Chandra Levy’s mother has not yet read the new book that former Congressman Gary Condit helped write, breaking his 15 years of silence after the young woman from Modesto was murdered in Washington, D.C.
But Susan Levy knows enough about “Actual Malice” to have problems with it, as well as with Condit’s appearance Thursday on TV’s “Dr. Phil.”
“I think he was promoting his book,” Levy said. “It’s about his ego, his own gratification, to get out of the hole he put himself into.”
That hole – drilled by nationwide speculation over whether the then-53-year-old married congressman was having an affair with the 24-year-old Bureau of Prisons intern, or had anything to do with her 2001 disappearance – buried Condit’s political career.
Years later, blame landed on Ingmar Guandique, an undocumented immigrant from El Salvador, but his conviction recently was overturned.
“Actual Malice” written by Breton Peace with Condit’s cooperation, presents the former lawmaker’s side of the story. He is certain Guandique is guilty, but spends most of the book blaming bumbling investigators, a media frenzy and the Levys for his stunning fall from grace.
What issues does Susan Levy have with Condit’s long-awaited coming out?
First, that the book was dedicated to Chandra, along with another woman who had worked on Capitol Hill, whose murder likewise was never solved.
“He has lined himself up as being understanding and empathetic. So it’s not a real problem, but it’s weird,” Levy said Friday in Modesto.
Second, Condit’s choice of author to work with. Peace is the son of Steve Peace, Condit’s former cohort in the “Gang of Five” California assemblymen, Democrats who dared to stand apart from powerful then-Speaker Willie Brown.
Third, Dr. Phil’s acknowledgment – at the tail end of Thursday’s show – that “Actual Malice” is published by a company owned by Jay McGraw. Dr. Phil didn’t say it, but that’s his son.
“I was shocked. There’s something not kosher about all of this,” Levy said. Said Bob Levy, Susan’s husband and Chandra’s father: “That’s his business. Controversy.”
Fourth, that she was invited to join Condit on the TV show, but nothing was said about it launching Condit’s book. “All they told me was, ‘Would you consider being on the show?’ I’m glad I decided not to,” she said.
Fifth, that Condit tried to explain away his gift of jewelry to Chandra as something he did for any visitor from his home district to Washington, D.C. Condit said he kept trinkets around for such purposes, but Levy isn’t buying it. “You don’t give out pretty gold bracelets to just any constituent. That just does not match,” she said.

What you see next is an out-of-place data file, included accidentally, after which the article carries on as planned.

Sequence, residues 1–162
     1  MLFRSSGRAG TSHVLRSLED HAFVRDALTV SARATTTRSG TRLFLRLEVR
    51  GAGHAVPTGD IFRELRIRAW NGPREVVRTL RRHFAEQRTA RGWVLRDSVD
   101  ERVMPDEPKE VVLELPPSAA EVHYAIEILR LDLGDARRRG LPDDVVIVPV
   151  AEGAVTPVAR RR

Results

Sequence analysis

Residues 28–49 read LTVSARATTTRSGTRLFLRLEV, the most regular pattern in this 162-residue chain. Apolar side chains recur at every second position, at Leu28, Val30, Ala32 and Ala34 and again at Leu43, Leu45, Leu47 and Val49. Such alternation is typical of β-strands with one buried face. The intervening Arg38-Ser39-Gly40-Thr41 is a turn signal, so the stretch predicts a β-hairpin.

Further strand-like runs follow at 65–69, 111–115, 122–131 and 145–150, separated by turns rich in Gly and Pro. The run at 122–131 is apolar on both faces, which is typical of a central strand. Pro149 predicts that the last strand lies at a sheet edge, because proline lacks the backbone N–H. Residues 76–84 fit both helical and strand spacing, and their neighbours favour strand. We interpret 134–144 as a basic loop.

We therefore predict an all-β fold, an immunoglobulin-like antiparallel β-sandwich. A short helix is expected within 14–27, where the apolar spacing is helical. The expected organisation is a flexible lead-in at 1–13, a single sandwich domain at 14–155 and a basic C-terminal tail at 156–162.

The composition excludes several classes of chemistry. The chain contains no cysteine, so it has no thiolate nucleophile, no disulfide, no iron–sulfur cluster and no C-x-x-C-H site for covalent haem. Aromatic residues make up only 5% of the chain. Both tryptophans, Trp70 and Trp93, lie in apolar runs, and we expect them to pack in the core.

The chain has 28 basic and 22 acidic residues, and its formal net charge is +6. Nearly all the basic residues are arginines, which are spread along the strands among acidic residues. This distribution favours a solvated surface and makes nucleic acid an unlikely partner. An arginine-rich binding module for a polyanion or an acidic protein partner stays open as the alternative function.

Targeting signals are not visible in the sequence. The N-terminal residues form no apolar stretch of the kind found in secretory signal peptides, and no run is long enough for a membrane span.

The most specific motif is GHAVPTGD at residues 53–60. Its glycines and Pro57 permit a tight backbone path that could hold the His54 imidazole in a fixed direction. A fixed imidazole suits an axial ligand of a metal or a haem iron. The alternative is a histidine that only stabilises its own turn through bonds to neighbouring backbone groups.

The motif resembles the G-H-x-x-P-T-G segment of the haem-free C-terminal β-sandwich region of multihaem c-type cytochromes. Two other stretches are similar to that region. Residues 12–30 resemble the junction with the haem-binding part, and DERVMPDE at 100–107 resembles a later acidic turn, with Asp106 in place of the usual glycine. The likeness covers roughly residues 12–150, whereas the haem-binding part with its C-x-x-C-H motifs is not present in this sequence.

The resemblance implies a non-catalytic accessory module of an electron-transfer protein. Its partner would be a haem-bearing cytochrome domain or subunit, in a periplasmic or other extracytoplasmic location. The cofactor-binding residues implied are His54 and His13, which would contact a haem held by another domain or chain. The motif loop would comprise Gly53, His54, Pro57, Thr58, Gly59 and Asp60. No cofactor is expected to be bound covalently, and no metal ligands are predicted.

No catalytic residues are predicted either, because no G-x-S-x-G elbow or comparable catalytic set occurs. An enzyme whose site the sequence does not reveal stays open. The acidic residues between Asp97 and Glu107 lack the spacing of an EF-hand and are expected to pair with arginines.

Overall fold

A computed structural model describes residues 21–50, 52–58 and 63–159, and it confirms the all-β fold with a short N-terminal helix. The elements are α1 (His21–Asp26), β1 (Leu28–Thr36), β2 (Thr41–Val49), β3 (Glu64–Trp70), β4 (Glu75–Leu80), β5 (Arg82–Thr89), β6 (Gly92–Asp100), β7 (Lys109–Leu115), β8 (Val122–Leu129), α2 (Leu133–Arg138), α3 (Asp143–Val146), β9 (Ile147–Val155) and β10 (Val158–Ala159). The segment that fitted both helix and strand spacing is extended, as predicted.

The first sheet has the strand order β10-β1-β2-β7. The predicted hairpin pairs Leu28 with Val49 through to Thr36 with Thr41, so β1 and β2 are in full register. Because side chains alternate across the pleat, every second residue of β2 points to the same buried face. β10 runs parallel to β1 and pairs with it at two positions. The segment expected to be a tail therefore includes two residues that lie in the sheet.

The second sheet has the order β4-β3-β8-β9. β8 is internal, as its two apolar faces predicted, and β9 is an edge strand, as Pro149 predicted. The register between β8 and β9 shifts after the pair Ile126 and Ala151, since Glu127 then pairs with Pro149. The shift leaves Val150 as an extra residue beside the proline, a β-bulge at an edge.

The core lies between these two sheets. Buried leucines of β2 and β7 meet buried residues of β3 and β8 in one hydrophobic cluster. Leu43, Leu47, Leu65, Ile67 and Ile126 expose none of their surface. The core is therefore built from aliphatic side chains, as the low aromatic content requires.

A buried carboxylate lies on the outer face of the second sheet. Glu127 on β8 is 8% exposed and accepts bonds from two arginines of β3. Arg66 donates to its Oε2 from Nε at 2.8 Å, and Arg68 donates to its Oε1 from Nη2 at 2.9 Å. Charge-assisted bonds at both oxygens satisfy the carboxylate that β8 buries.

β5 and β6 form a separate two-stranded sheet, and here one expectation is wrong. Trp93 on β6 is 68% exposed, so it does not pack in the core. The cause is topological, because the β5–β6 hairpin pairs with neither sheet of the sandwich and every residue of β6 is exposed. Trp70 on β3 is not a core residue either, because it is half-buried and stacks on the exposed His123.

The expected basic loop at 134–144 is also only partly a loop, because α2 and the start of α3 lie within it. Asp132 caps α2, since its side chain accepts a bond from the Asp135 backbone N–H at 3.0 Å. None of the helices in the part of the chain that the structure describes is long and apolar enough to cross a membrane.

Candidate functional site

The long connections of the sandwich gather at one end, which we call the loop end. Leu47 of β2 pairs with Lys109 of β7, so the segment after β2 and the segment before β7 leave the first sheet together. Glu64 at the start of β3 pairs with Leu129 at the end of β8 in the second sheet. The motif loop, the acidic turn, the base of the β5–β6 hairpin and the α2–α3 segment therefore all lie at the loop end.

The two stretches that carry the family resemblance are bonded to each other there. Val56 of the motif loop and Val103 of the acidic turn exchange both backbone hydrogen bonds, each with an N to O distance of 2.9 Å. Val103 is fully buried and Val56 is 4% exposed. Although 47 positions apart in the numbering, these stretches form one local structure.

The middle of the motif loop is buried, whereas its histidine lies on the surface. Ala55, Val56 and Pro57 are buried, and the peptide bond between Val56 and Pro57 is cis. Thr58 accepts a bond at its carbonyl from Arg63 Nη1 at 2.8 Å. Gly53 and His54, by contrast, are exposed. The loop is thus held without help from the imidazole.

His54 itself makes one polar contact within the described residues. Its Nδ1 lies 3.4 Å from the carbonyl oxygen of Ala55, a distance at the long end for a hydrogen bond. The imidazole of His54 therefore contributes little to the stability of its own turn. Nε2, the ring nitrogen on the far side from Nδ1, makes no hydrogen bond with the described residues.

Sixth, that “Actual Malice” plays games with the reader, suggesting various infidelities while never confirming them. Condit told Dr. Phil he was not romantically involved with Chandra Levy, while Peace admitted that readers should conclude that they had slept together; later in the episode, Condit refused to say whether the affair happened.
“I don’t think he was very clear about the real relationship that went on with my daughter,” Levy said.
Before her death, in a conversation about dating, Chandra said, “How did you know?” when her mother asked about a relationship with Condit, Susan Levy said; that account also appears in “Actual Malice,” followed by a scene with Condit smoking a cigar and telling a friend that Levy was “making stuff up.”
Seventh, the book says that not long after Chandra vanished, Susan Levy told Condit she was sure her daughter was having an affair with one of three California congressmen, none of them Condit.
“No!” Levy said Friday. “Those words, I never said. The man believes his own lies.”
Levy said she was happy that Condit identified Chandra – not Condit – as the victim in this sad story, on “Dr. Phil.”
But at the end of the show, when asked what message he might share with the Levys, Condit said they should know that he fully cooperated with authorities.
In Condit’s mind, Levy said, “It’s all about Gary.”
Garth Stapley: 209-578-2390